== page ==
The cone oil droplets of avian retinas

@article{Goldsmith1984TheCO,
  title={The cone oil droplets of avian retinas},
  author={Timothy H. Goldsmith and J. Spencer Collins and Sherry Licht},
  journal={Vision Research},
  year={1984},
  volume={24},
  pages={1661-1671}
}
Distribution of Retinal Cone Photoreceptor Oil Droplets, and Identification of Associated Carotenoids in Crow (Corvus macrorhynchos)
TLDR
Three types of carotenoid (astaxanthin, galloxanthin and lutein), together with one unknown carotanoid, were recovered from the crow retina; astaxanth in was the dominant carotnoid among them and the recovery ofcarotenoids was affected by saponification conditions.
The cone photoreceptors and visual pigments of chameleons
TLDR
Visual pigments, oil droplets and photoreceptor types in the retinas of four species of true chameleons have been examined by microspectrophotometry and appear to be mixtures of rhodopsins and porphyropsins.
Avian retinal oil droplets: dietary manipulation of colour vision?
TLDR
The study provides the first experimental evidence of dietary intake over a short time period affecting carotenoid concentration of retinal oil droplets, an area about which very little is known, with implications for the understanding of trade-offs in carOTenoid allocation in birds.
Oil droplets of bird eyes: microlenses acting as spectral filters
  • D. Stavenga, B. Wilts
  • Environmental Science, Physics
    Philosophical Transactions of the Royal Society B: Biological Sciences
  • 2014
TLDR
Quantitative modelling of the filter characteristics using known carotenoid pigment spectra indicates that the pigments’ absorption spectra are modified by the high concentrations that are present in the yellow and red droplets, which causes narrow-band photoreceptor spectral sensitivities, which are well suited for spectral discrimination.
Cone photoreceptor oil droplet pigmentation is affected by ambient light intensity
TLDR
Calculations show that the reduced levels of oil droplet pigmentation in chickens reared in dim light would increase the sensitivity and spectral bandwidth of the outer segment significantly, which might explain why nocturnal animals have evolved oil droplets with low pigment densities or no pigmentation or have lost their oil Droplets altogether.
A complex carotenoid palette tunes avian colour vision
TLDR
This study integrated results from high-performance liquid chromatography, hyperspectral microscopy and microspectrophotometry to obtain a comprehensive understanding of oil droplet carotenoid pigmentation in the chicken.
Absorbance of retinal oil droplets of the budgerigar: sex, spatial and plumage morph-related variation
TLDR
This work found a spatial pattern of droplets absorbance across the retina that matched a pattern found in another parrot, and other avian species, and suggests a common mechanism and function for carotenoid deposition in the retina across bird species.
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References

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The visual pigments and oil droplets of the chicken retina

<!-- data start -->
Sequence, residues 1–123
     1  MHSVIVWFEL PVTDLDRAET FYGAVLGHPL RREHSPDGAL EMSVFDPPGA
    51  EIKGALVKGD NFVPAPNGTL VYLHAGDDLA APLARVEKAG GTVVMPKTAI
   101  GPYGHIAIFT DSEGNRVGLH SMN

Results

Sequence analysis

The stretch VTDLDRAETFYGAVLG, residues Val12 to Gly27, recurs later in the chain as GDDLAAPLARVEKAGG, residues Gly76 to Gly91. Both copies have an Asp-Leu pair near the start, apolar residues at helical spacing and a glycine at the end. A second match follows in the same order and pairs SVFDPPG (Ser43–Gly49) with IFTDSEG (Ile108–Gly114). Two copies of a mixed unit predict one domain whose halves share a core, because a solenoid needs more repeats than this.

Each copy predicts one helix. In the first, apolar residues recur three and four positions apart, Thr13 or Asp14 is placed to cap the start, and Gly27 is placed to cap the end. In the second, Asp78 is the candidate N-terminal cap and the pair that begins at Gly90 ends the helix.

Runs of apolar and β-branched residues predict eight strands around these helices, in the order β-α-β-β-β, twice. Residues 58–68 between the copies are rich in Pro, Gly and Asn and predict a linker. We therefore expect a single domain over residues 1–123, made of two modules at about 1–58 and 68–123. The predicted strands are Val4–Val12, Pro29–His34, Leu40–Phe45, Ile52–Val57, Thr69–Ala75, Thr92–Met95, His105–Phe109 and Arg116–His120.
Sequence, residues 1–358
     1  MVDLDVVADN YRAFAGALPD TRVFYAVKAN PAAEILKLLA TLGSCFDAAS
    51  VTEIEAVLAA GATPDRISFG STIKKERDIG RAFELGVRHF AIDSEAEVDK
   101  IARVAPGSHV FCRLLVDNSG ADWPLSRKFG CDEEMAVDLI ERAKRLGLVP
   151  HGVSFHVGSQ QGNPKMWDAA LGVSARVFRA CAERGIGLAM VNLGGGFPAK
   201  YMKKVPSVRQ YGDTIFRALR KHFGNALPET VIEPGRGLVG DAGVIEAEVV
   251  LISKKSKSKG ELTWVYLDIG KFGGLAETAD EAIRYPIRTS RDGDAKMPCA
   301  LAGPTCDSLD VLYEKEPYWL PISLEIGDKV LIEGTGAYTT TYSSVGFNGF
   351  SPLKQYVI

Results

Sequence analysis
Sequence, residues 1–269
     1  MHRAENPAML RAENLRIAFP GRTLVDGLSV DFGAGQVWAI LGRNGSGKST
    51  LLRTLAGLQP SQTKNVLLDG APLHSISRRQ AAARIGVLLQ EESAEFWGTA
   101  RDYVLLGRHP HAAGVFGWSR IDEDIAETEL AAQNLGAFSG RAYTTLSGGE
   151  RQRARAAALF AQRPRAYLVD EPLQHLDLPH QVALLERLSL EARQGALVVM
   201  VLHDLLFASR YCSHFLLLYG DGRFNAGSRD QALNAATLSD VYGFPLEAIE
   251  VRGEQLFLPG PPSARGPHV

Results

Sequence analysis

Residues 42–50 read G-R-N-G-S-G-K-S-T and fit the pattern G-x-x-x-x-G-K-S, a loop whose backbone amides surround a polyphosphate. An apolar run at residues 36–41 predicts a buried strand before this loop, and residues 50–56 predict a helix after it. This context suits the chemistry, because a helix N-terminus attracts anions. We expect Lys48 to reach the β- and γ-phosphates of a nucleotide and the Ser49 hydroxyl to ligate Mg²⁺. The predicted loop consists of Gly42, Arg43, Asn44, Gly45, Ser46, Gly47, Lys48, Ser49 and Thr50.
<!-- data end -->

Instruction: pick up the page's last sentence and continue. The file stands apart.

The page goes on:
The visual pigments, oil droplets and spectral sensitivity of the pigeon
Super dense carotenoid spectra resolved in single cone oil droplets
TLDR
This work has shown that structureless cutoff absorbance curves reminiscent of commercial colour filters have been found to truncate at about one absorbance unit without any evidence of carotenoid spectral fine structure in individual oil droplets.
Photoreceptors and oil droplet colors in the red area of the pigeon retina
TLDR
Six types of photoreceptors in the red area (dorso‐temporal quadrant) of the pigeon retina are identified using Golgi impregnation, light microscopy and electron microscopy to categorize the receptors into morphological types.
Absorption spectra of retinal oil globules in turkey, turtle and pigeon.
Absorption spectra and function of the coloured oil drops in the pigeon retina.
GALLOXANTHIN, A CAROTENOID FROM THE CHICKEN RETINA
  • G. Wald
  • Chemistry
    The Journal of general physiology
  • 1948
TLDR
Galloxanthin appears to be one of the carotenoid filter pigments associated with cone vision in the chicken, and may act as an auxiliary to the other filter Pigments in differentiating colors; or its primary function may be to exclude violet and near ultraviolet radiations for which the eye has a large chromatic aberration.
The ultraviolet receptor of bird retinas.
TLDR
Measurements demonstrate the basis for the ultraviolet sensitivity of birds that has been seen in behavioral experiments, and they provide further evidence that many vertebrates share with insects vision in the near-ultraviolet.
Spectral transmittance of retinal colored oil globules re-examined with microspectrophotometer.
TLDR
It was quite impossible to determine the absorption maximum of oil globule pigments because of its extreme high concentration in situ, and the difference in oil globules tint seemed not due to the difference of chemical kind of carotenoid but to the different in concentration or in mixture ratio of the known carotanoids.
Carotenoids of the Chicken Retina
TLDR
The cones of many bird and reptile retinas contain brilliantly coloured oil globules, which may serve as a mechanism for colour vision in birds and reptiles.
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